Once word gets around that there will be a definite cut in HB how many landlords will go back on the standard old ‘No DSS’ approach? As I have written elsewhere councils are under a duty to provide housing for people who pass the full homelessness assessment route but don’t have enough council housing to fulfil the legal obligation and look to private landlords to fill the gap. The 10% cut will have a big effect here.
The government states that cutting 10% off HB for people who have been on job seekers allowance for 12 months will encourage people to find work.
I am going to sound a bit cynical here so apologies in advance. Just as introducing LHA is not enough on it’s own to empower people, neither is cutting people’s benefits.
Every single day I meet so many benefit claimants who think that once they have filled in the forms their involvement ends there and rent is then the council’s responsibility.
A high proportion of people I deal with don’t even know how much rent they pay or when it falls due because again, to their minds, the council deals with these things.
When a fixed term contract comes to an end most council’s housing benefit teams stop payments until a new contract is issued. I get involved when the landlord complains of rent arrears and the tenant doesn’t even know that HB payments have stopped or why.
My great fear in this is that far from being empowered so many tenants will just accept less housing benefit as an occupational hazard and shrug it off thinking it is nothing to do with them.
Also, and in defence of many, looking for work is one thing, having jobs available to look for is another. The government is already talking about the amount of jobless and for many, depending on the area, working can be a difficult prospect.
- If housing benefit doesn’t cover enough of the rent then this gives a landlord grounds to evict their tenant for rent arrears.
- If a tenant then becomes homeless as a result then they can approach the council’s homelessness unit who have a duty in many cases to investigate the claim.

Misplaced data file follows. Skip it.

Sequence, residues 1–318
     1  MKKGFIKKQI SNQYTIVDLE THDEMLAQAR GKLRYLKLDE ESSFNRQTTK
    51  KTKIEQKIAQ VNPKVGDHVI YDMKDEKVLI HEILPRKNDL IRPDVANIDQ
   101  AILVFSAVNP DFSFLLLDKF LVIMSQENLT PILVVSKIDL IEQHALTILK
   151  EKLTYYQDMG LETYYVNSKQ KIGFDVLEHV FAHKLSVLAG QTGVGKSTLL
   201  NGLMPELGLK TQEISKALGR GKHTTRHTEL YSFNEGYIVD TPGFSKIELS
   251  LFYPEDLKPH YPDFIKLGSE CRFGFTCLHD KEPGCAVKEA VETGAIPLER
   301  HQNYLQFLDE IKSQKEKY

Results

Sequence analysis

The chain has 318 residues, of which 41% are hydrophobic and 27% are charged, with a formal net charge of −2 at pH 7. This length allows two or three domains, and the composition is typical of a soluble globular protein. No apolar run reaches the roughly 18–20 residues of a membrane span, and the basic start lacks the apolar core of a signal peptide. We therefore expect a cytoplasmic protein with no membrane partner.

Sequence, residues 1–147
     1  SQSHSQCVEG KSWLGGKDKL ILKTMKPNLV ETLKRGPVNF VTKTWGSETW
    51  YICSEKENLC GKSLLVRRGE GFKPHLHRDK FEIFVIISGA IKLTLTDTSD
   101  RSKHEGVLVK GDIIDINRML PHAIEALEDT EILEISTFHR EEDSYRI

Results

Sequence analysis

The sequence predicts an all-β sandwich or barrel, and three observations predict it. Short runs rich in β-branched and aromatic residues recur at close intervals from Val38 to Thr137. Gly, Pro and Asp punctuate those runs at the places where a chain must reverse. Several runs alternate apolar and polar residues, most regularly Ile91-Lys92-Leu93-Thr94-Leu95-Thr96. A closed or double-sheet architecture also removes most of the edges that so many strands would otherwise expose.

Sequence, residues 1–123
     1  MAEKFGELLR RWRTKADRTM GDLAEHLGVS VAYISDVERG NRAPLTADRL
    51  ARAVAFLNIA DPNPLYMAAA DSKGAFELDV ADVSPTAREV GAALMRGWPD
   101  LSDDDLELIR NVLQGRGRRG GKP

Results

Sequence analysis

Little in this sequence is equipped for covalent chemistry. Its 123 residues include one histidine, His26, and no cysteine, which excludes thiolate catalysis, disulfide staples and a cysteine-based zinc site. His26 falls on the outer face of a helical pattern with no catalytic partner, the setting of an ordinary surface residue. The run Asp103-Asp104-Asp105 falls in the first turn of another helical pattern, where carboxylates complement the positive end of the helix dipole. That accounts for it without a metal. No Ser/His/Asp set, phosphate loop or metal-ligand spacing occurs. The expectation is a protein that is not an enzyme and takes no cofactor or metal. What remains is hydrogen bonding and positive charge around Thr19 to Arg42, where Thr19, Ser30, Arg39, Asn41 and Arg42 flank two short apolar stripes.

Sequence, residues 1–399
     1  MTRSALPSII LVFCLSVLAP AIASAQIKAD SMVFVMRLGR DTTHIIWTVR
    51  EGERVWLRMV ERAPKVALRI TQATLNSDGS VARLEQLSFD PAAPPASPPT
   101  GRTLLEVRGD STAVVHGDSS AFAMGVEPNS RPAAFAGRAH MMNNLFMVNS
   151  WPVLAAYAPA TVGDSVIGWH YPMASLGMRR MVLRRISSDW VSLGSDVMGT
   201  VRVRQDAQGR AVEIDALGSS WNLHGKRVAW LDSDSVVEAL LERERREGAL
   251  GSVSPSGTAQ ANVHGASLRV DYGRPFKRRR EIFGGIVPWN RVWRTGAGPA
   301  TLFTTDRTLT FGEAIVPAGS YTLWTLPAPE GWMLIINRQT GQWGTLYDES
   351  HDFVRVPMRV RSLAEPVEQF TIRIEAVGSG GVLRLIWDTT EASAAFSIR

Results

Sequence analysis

- If they find that a person lost their home through rent arrears they can deem that the person is what is termed ‘Intentionally Homeless’ and refuse to re-house them.
- More homelessness claims on already overstretched services having to find 25% cuts to fit the government’s budget.
- More loss of homes and with it weakened communities. How can you sustain a community when people keep moving?
- More families forced to make do, sharing with friends and family or living in overcrowded conditions.
- Damaged ability to rent other properties privately because of bad references.
- Less properties available for rent to benefit claimants.
- Loss of ability to borrow money because of damaged credit ratings.
- Smaller market for private landlords to invest in.
- Increased support costs for people who need social services involvement
And all this because of a populist idea of saving 10% on HB budgets. But how much will this cost a council overall? It costs tens of thousands of pounds to push a single family through the homelessness system, far more than would be saved by a 10% cut elsewhere. The difference is that cuts in HB would come out of the financial services budgets while increase in homelessness and support costs come out of housing department budgets, but all in all it is still the council’s pot.
A new government, new ideas but the same old lack of joined up thinking in favour of a crowd pleasing policy and demonization of people on benefits.
About Ben Reeve-Lewis: Ben was the Tenancy Relations Officer for Lewisham Council for 11 years, prosecuting landlords for harassment and illegal eviction. Now he is a freelance housing law training consultant with a more balanced approach, delivering housing law courses for the Chartered Institute Of Housing, Shelter etc. His aim now is to help the housing world work as a interdependent system that benefits all